# Understanding of Brownian Motion

My background is functional analysis rather than probability, but I would like to understand what is a Brownian motion. Below I'm giving my current understanding, can anyone verify whether I'm correct. Thank you.

Canonical Brownian motion $\mathbf{B}$ is a space $C([0, \infty), \mathbb{R}^n)$ equipped with a certain probability measure. We can write it as $\mathbf{B}= (B_t)_{t \geq 0}$, where $B_t ( f ) = f(t)$, for all $f \in C([0, \infty), \mathbb{R}^n)$. Measure is given by $$P \big( \bigcap_{j=1}^{k} B_{t_j}^{-1}(F_j) \big) = \int_{F_1 \times \ldots \times F_k} p(t_1, x, x_1) \ldots p(t_k - t_{k-1}, x_{k-1}, x_k) \mathrm{d}x_1\ldots \mathrm{d} x_k,$$ where $$p(t,x,y) = (2\pi t)^{-\frac{n}{2}}\exp\big( - \frac{| x- y|^2}{2t}\big)$$ for $y \in \mathbb{R}^n$ and it is defined on a $\sigma-$field $\sigma( \{ B_t \colon t \geq 0\})$. From this definition we can conclude that $B_t$ is a Gaussian process, that is, that for all $0 \leq t_1 \leq \ldots \leq t_k$ the random variable $(B_{t_1}, \ldots, B_{t_k}) \in \mathbb{R}^{nk}$ has a normal distribution. $B_t$ has independent increments, and $t \mapsto B_t(f) = f(t)$ is continuous and hence show that canonical Brownian motion has properties which define usual Brownian motion - as a Wiener process.

• Sounds like you understand pretty well! Sometimes we specify that the initial point is $x=0$, and call the resulting measure the Wiener measure.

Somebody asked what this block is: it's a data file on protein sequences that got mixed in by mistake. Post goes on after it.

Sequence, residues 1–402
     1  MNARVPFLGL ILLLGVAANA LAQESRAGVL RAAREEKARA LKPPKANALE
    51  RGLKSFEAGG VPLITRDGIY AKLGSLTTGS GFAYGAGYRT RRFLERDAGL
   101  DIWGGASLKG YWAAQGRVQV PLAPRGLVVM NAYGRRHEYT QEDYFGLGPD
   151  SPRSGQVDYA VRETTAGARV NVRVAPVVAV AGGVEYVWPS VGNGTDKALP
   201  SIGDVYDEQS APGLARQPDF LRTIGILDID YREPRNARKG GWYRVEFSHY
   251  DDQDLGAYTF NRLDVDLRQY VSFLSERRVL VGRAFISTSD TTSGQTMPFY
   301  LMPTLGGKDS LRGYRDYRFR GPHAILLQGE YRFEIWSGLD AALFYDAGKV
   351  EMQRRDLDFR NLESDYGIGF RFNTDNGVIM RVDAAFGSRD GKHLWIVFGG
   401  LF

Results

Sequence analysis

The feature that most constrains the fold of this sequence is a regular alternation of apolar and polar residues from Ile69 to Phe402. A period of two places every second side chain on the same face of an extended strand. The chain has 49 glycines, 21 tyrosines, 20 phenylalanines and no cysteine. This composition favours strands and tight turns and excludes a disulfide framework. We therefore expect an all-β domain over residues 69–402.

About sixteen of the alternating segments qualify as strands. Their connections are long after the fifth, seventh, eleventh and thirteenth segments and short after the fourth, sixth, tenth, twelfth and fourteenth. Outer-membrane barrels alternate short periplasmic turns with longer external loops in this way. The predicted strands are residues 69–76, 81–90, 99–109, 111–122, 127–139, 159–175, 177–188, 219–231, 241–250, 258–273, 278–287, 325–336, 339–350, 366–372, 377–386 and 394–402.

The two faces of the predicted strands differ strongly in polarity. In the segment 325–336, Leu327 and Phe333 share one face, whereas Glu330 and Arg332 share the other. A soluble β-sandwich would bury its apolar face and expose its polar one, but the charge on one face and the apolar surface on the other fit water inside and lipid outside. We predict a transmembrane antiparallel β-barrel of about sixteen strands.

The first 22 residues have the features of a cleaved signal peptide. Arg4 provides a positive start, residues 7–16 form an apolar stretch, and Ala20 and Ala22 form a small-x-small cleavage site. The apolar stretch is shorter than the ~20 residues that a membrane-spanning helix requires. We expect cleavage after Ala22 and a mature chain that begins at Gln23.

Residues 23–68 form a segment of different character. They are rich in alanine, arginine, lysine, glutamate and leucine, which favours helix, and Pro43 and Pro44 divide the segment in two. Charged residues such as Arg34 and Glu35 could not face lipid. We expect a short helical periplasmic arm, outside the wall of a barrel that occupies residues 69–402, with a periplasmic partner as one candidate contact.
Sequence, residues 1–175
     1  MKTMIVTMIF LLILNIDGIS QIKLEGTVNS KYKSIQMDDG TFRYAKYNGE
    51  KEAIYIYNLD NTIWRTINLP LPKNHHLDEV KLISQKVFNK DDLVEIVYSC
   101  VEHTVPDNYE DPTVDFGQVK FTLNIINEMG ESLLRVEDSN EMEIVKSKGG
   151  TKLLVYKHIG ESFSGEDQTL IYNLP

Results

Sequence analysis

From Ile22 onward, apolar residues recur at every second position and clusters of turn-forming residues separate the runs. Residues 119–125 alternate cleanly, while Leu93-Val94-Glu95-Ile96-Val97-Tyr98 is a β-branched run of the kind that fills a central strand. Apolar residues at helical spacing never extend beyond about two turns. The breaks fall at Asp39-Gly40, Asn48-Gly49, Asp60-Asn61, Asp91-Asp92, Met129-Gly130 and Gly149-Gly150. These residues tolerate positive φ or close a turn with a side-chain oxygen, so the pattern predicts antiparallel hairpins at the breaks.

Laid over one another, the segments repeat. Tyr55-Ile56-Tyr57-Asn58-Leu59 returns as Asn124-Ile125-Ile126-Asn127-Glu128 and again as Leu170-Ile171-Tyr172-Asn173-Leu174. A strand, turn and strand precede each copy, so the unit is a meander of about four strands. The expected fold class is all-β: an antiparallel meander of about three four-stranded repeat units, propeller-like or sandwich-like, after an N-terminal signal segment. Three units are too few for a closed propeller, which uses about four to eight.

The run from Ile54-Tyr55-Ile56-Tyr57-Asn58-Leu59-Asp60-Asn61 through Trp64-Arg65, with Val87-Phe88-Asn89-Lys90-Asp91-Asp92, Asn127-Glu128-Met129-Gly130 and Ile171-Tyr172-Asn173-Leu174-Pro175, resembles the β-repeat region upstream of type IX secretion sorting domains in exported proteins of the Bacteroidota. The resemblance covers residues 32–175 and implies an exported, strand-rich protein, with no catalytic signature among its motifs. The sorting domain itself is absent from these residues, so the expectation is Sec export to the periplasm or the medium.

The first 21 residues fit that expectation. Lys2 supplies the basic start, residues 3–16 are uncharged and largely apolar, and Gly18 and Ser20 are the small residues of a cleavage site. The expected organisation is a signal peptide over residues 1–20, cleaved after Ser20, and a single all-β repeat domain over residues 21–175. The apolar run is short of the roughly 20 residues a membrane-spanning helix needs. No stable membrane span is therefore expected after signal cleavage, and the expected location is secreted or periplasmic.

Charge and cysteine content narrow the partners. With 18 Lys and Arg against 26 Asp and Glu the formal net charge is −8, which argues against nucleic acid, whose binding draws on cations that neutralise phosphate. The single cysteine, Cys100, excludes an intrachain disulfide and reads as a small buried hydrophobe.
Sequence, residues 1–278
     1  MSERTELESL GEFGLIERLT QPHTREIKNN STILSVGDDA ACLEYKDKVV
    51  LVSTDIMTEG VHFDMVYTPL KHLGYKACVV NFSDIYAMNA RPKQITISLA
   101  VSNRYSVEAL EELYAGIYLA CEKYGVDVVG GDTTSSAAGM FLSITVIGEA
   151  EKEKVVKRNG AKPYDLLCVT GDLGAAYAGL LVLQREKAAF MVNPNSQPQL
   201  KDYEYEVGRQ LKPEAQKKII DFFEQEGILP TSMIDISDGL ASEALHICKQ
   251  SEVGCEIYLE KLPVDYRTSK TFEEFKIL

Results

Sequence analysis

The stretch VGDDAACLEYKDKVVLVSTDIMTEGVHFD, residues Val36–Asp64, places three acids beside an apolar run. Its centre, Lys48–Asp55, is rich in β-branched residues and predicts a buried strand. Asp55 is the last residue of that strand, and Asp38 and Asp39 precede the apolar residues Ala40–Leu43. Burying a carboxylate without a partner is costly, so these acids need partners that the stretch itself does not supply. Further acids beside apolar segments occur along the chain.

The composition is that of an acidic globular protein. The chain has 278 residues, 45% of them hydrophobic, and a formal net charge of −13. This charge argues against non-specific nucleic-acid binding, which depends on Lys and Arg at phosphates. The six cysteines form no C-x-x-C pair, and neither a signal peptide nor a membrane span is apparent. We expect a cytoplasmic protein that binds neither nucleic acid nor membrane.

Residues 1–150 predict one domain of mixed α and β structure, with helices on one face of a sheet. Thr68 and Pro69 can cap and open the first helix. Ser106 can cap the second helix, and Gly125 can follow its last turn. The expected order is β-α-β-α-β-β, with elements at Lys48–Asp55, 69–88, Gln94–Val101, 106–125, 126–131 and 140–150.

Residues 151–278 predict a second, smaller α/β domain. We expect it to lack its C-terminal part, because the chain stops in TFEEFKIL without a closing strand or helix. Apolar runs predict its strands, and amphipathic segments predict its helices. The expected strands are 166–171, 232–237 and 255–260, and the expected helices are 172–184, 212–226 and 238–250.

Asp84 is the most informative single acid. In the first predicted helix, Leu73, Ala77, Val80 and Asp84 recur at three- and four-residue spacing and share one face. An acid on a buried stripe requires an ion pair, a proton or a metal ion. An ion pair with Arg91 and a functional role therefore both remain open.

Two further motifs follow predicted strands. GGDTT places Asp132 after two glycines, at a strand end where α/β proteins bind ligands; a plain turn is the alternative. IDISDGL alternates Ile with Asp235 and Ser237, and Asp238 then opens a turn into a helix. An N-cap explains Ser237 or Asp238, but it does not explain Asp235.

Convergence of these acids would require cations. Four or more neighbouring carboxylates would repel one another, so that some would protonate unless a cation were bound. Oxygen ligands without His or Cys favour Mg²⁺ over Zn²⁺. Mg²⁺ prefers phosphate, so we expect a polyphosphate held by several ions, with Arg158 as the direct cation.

– user940
Commented Jun 6, 2014 at 13:08

The realization of Brownian motion as the evaluation maps $(B_t)_{t \geq 0}$ on $C([0,\infty) \to \Bbb{R}^n)$ is certainly popular, and the development follows along the lines of what you wrote using Kolmogorov extension type arguments to create the Brownian process from the finite dimensional distributions (basically the formula you gave for $P(\cap_1^k B_{t_j}^{-1}(F_j))$ are the finite dimensional distributions).
As you are coming from a background in functional analysis, I think it is likely meaningful to point out here the semigroup associated with Brownian motion. You might have noticed that the density $p(t,x,y)$ you wrote for Brownian motion is also the fundamental solution to the heat equation on $\Bbb{R}^n$: $$\partial_t u(t,x) = \frac{1}{2} \Delta_x u(t,x)$$ where $\Delta_x$ is the Laplacian acting on the $x$ variable. In particular, for sufficiently regular $f$, you can solve $$\begin{cases} \partial_t u(t,x) = \frac{1}{2}\Delta_x u(t,x) & (t, x) \in [0,\infty) \times \Bbb{R}^n \\ u(0,x) = f(x) & x \in \Bbb{R}^n \end{cases}$$ by convolution $$u(t,x) = \int_{\Bbb{R}^n} f(y) p(t,x,y) \, dy$$ Written in terms of semigroups, we have that $u(t,x) = e^{\frac{t}{2} \Delta_x}f (x)$ where $e^{\frac{t}{2} \Delta_x}$ is the heat semigroup.
At the same time, since $p(t,x,y)$ is the density of $B_t$ you have $$\Bbb{E}_x[f(B_t)] = \int_{\Bbb{R}^n} f(y) p(t,x,y) \,dy$$ where $\Bbb{E}_x$ is the expected value where the process starts at the point $x$; $B_0 = x$. Putting these pieces together, you have that $$\Bbb{E}_x[f(B_t)] = e^{\frac{1}{2}t \Delta_x} f(x)$$ For this reason, we say that that semigroup associated to Brownian motion is the heat semigroup and that the generator of Brownian motion is $\frac{1}{2} \Delta_x$. What is particularly nice from your standpoint is that you can now investigate many of the properties of Brownian motion from investigating the (densely defined, essentially self-adjoint) Laplacian. More generally, you can follow this paradigm to look at Markov processes and their associated Markov semigroups.